|Classic Maya collapse|
|Spanish conquest of the Maya|
The Margarita Tomb, also known as The Queens tomb, lies buried deep in the center of the Late Classic Acropolis of Copán, Honduras. It is a multi – leveled tomb with one of the largest caches ever found associated with the burial of a Maya woman.
In the valley of Copán, in western Honduras, the maya civilization ruled for hundreds of years. However, not much is known about the region before dynasty 5 and the first king, K'inich Yax K'uk' Mo'. K'inich Yax K'uk' Mo' (also known as Green Quetzal Macaw) ruled from 426 c.e. to around 435 c.e. He died shortly before the 9th Baktun (also spelled Bak'tun) in the Mesoamerican Long Count Calendar. When originally dug up in 1993, the Margarita Tomb was thought to belong to that of K'inich Popol Hol, the son and predecessor of K'inich Yax K'uk' Mo'. Over years of excavation it was discovered that this was a tomb of a woman because of the remains found, which were covered in cinnabar and hematite. One archaeologist Robert J. Sharer along with his colleagues who were on the dig, believe the remains are of the wife of the founder of Copán, K'inich Yax K'uk' Mo'. Because she was found covered in the red cinnabar she is also known as "The Lady in Red." Her burial is very close to the Hunal tomb, where he is buried, and the large number of items found in the tomb suggests a royal burial.
Layout of the tomb
Upon entering the tomb there was offerings scattered across the floor. Connecting the upper chamber to the lower chamber is a vaulted stairway. In the lower chamber a funerary slab was found. Not long after the woman was buried, the temple was partially demolished and a chamber connected to the crypt's access stairway was created. "This was the scene for rites of remembrance and tomb re-entry that continued even after the building of yet another surmounting platform, Chilan." Martin and Grube Then when the tomb was sealed completely it received another large cache of offerings.
Items found in the tomb and their significance
A large and multifaceted offering sat in situ (being in the original position; not having been moved) when the funerary slab was removed. In it was over 2000 objects. Some of these items were, a painted basket, bone needles, vessels containing the remains of food  jade beads, seashells, shell rings,painted gourds filled with cinnabar, two small grinding stones, jade mosaic mother-of-pearl ear flares, two pyrite mirrors and organic wrappings that were most likely textiles.
One very important piece was called the "Dazzler" (Martin & Grube). it was a tripod vessel with lid that was done in a Teotihuacan style. However it did not contain any information that pertained to the identity of the woman.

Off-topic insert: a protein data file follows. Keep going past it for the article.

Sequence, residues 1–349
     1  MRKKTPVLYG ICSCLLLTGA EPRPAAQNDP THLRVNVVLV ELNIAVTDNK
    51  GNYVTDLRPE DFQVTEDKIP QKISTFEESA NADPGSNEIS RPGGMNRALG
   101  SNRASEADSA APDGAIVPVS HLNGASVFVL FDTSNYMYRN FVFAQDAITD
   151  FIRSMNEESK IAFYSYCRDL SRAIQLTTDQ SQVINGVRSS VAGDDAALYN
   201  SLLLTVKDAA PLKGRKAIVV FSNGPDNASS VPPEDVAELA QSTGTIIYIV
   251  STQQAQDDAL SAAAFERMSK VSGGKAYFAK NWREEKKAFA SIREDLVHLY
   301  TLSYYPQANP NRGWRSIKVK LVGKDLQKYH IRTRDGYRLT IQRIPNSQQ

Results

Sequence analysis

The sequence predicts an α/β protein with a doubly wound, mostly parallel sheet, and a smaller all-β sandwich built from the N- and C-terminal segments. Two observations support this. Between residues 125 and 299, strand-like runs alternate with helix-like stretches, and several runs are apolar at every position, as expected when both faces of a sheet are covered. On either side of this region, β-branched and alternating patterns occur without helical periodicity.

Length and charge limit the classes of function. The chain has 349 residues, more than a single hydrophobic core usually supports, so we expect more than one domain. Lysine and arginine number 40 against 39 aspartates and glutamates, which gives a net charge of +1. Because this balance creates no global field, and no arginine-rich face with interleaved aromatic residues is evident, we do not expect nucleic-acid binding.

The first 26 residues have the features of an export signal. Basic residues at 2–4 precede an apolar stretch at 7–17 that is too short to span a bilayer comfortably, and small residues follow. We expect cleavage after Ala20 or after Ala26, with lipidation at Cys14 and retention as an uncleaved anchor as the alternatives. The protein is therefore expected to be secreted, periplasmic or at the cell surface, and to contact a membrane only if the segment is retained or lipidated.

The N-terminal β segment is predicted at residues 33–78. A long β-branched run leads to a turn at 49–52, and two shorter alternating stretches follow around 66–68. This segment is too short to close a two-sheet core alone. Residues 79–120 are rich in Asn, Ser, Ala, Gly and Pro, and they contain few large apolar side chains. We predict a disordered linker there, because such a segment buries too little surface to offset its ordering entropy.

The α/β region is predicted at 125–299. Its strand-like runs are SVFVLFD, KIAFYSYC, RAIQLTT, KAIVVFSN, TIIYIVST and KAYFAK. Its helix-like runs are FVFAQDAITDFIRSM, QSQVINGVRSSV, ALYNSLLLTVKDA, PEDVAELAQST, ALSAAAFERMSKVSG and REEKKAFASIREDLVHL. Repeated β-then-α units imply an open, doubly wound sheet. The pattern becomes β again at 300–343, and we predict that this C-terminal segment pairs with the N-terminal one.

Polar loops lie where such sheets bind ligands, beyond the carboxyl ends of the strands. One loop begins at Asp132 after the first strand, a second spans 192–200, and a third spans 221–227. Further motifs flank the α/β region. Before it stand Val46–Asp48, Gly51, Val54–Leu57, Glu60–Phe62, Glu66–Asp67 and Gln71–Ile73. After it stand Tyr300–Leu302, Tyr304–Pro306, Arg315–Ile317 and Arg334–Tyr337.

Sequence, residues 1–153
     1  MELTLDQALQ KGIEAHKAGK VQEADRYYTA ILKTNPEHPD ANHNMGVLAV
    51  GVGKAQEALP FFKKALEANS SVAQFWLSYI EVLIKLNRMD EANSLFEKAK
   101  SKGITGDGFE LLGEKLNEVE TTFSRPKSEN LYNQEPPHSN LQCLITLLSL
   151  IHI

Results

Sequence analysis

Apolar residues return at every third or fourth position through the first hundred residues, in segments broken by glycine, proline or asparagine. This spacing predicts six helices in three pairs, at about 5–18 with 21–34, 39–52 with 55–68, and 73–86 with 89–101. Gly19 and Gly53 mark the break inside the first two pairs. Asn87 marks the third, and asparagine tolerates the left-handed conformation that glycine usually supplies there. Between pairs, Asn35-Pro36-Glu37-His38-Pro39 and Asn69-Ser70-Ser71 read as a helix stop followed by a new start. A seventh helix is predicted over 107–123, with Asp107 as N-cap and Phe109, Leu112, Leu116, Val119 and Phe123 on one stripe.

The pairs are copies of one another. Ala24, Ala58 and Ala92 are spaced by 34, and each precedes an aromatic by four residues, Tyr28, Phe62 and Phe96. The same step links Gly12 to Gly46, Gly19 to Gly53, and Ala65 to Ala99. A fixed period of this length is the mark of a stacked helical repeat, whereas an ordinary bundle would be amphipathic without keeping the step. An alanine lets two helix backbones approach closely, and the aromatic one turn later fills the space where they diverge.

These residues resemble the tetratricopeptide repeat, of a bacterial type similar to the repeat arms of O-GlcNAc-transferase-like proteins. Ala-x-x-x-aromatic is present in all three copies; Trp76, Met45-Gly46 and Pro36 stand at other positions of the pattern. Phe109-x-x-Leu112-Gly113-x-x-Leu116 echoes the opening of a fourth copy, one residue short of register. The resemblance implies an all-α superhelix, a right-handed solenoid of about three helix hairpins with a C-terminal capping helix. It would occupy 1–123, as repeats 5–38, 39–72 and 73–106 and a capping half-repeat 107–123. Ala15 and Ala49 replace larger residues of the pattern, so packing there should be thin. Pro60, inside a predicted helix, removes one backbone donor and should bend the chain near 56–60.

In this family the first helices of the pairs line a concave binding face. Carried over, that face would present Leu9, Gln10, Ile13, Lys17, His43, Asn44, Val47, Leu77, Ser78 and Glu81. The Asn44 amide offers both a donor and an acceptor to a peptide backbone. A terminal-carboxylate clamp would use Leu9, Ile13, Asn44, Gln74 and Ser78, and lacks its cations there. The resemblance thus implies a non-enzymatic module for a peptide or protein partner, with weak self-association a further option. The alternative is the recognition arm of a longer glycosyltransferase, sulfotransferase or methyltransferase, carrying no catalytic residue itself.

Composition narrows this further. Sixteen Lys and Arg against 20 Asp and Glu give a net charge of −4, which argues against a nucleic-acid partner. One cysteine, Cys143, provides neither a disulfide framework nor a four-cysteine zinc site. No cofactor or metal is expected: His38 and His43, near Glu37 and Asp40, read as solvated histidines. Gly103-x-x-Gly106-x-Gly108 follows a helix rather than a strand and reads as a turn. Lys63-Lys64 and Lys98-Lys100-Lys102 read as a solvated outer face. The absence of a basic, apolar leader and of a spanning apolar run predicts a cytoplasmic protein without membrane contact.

Another important artifact pulled from the tomb was a stucco basket that had a lid with a fine-line poly-chrome design on it. However it had flipped off its base and onto a neighboring object where over time it buckled. The archaeologists involved with the project however were able to lift the best preserved part and see a figure in profile wearing a decorated maya headdress. It was similar to those depicted on monuments outside the tomb around Copán. The basket the lid originally sat on revealed strands of jade beads, needles made of bone, and hand carved shell rings. Some of the rings had faces, with eyes of inlaid jade. There were no other burials found in Copán with these rings in these quantities. Stingray spines, possibly used for blood letting and baskets were preserved below the strands of jade and rings. These items were 1500 years old.
Two mirrors made of polished pyrite were found in the burial chamber as well. While mostly eroded, the faint painted design on the back indicated that the back was elaborately painted. There were small yellow dots and stars with other colored fine-line designs. Although difficult to see the archaeologist determined that these were the same designs that they found on the "Dazzler" that they found in the upper chamber in a Teotihuacan design. This design was also found in the neighboring Hunal tomb. One mirror was less eroded and depicted a figure in profile with speech scroll, an object of some sort in his hand and the rim was decorated with a serpent which was important in Maya culture. These mirrors were most likely worn with cords as necklaces.
Needle kits with needles made of bone were found stained a blue-green color. While it could have been a "tool-kit", Mayanist Linda Schele suggested that there were far too many needles for one woman and suggests that they may have been symbolic parts of a burial costume that had the woman depicted as a Moon Goddess.
All of these items become important because their designs were influenced heavily by Teotihuacan in highland Mexico, the Peten in Guatemala (mostly Tikal) and areas like Kaminaljuyu indicate the contact between many Maya cultures and the cultural diffusion that must have taken place.
Importance of the Tomb
This tomb was important to Maya culture because it is one of the largest tombs with the largest caches associated with a woman's burial in all of Mesoamerican cultures. This woman was of high importance to her community and/or was royalty. She may have been the first mother in a nascent line that carried on for centuries. This tomb also shows the diffusion between the different Maya cultures and other cultures near them.
- Maya society
- Maya religion
- Mesoamerican culture
- Mesoamerican architecture
- Gender Roles in Mesoamerica
- Jade use in Mesoamerica
- Martin, Simon, Grube, Nikolai, Chronicle of the Maya Kings and Queens, 2008, Thames and Hudson, New York, New York